I've been on a quest of sorts to get the perfect coffeemaker, and I think that I'm going back to the old-fashioned kind.  Not as old-fashioned as I've been brewing of late.  I've been boiling my coffee with some sugar in a pot.  Then it sits a few minutes before I pour it into the mug and add water.  I'd like something a bit more advanced, a nice stainless steel percolator.  Now I'll just have to find one on my upcoming (I don't even have tickets yet) trip to the states.

The Great Debate! People Do Argue in Sha'ar Binyamin

No, not politics.  If you don't know Hebrew you won't get this.


And the people pictured are just there for illustrative purposes.  They weren't arguing.

Yesterday at work, one of the Rami Levi people who was taking her break by this display of children's shorts on sale said:
"Your sign is wrong.  It's written:
מכנסיים קצרות michnesaiyim kitzarot short (feminine plural adjective) pants
It should say:
מכנסיים קצרים michnesaiyim kitzarrim short (masculine plural adjective) pants"
Well, you'd think with my awful sounding Hebrew I'd immediately concede that she must be right, but one thing I've learned over the years is that we who've had to learn Hebrew quite often are far superior in grammar.  The level of spoken and written Hebrew has really deteriorated in the forty-plus years I've had to function in the language.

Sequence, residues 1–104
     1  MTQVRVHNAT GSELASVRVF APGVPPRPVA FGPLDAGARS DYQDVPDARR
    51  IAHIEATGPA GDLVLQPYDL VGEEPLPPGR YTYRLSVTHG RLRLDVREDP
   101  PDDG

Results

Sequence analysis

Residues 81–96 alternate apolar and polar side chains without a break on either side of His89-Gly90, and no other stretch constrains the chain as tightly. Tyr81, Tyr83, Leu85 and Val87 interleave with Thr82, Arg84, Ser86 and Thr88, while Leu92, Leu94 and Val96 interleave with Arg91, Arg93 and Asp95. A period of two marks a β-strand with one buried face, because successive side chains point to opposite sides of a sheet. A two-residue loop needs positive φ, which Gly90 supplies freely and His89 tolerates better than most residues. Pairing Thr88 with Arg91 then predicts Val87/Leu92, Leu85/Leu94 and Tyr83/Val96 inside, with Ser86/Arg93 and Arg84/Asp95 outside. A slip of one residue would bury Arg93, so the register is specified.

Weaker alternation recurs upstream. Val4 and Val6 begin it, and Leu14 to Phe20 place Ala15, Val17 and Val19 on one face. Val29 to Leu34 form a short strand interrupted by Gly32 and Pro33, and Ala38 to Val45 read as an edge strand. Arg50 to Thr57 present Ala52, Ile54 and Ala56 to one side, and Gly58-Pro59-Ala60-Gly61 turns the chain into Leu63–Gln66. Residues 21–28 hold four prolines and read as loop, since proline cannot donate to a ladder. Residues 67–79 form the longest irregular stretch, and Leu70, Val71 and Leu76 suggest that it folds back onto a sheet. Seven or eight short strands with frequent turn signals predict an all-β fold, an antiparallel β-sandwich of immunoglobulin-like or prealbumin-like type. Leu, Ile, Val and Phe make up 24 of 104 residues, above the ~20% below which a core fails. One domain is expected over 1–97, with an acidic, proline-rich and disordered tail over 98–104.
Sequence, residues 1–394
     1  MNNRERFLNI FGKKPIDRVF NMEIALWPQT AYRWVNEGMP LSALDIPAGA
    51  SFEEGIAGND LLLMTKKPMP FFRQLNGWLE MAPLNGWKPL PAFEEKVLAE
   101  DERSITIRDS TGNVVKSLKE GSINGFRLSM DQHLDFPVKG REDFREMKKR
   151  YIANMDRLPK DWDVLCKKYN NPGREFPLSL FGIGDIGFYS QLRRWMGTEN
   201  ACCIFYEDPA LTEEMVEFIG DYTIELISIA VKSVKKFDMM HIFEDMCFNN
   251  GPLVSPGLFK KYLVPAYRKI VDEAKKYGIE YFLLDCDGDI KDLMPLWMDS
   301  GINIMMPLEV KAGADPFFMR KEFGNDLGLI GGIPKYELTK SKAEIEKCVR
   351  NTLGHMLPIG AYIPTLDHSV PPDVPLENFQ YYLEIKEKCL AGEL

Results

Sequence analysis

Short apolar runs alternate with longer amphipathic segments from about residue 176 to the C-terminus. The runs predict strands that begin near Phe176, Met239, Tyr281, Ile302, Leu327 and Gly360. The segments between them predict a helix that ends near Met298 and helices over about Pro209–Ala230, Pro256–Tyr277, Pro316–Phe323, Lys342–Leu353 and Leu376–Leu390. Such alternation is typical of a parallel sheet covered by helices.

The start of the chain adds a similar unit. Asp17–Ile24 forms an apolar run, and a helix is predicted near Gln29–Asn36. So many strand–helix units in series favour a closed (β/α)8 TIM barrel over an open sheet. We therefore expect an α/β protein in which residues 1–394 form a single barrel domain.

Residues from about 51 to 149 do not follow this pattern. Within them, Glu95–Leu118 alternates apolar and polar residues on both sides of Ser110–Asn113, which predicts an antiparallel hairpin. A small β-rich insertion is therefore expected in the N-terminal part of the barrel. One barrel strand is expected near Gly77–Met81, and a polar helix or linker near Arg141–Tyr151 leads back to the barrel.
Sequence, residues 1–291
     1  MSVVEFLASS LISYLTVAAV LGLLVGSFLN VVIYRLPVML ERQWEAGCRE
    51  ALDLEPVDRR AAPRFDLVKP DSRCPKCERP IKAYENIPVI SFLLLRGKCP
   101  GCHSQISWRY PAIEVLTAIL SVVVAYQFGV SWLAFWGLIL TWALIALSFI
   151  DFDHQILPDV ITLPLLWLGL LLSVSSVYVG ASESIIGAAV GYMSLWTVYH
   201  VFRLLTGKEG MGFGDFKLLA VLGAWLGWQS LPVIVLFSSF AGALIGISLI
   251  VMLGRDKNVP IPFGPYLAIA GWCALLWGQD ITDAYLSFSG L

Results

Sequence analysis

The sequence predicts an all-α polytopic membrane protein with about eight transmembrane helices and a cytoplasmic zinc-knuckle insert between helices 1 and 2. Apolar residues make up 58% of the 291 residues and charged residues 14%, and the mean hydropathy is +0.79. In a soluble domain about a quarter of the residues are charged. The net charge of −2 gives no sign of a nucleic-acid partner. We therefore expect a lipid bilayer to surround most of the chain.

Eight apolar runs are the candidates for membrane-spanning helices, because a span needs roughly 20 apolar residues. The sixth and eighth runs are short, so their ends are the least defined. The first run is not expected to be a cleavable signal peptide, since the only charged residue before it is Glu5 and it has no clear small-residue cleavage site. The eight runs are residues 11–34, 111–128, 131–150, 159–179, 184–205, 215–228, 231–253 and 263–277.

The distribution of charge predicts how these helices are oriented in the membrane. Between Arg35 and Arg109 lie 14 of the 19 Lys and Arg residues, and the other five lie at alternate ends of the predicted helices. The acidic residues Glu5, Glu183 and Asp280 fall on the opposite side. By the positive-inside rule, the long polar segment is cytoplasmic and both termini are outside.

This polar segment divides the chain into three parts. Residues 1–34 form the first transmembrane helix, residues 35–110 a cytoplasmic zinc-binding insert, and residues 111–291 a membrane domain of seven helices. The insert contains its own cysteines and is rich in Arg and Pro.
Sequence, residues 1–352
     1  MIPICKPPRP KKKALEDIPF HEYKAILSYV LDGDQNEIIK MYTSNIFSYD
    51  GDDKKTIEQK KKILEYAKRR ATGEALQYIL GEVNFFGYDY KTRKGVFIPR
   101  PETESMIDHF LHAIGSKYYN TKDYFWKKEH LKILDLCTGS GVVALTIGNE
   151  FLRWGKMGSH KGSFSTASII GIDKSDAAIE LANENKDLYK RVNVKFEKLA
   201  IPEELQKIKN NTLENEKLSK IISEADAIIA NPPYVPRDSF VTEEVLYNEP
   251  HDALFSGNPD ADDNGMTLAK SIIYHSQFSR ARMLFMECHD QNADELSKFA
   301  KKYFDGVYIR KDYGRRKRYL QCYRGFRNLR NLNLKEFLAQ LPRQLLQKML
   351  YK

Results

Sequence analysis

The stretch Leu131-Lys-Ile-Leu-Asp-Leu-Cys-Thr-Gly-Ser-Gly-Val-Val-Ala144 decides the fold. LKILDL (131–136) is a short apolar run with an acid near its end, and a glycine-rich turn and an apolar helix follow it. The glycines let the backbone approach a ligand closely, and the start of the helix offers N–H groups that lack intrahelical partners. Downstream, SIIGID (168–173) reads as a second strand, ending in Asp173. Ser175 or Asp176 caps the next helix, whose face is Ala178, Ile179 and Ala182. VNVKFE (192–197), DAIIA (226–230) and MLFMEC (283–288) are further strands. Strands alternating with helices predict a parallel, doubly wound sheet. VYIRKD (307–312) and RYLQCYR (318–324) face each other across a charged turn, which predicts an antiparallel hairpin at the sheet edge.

I had no idea who had written the sign, but memories of a relevant lesson still remained rather accessible in my mind.  One of the reasons many of us anglos take so long to feel fluent in Hebrew is that we're perfectionists in our grammar and terrified of making stupid mistakes.  Unlike English, Hebrew adjectives (and verbs) are supposed to match the gender of the nouns they modify/describe/activate.  Frequently my speech slows down while I mentally review all the relevant grammar lessons before finishing a sentence.  Native Hebrew speakers take that as a lack of knowledge, sometimes insulting me by using totally awful English in the mistaken belief that my Hebrew is too weak to converse in.  The truth is that in some ways my Hebrew is better than theirs.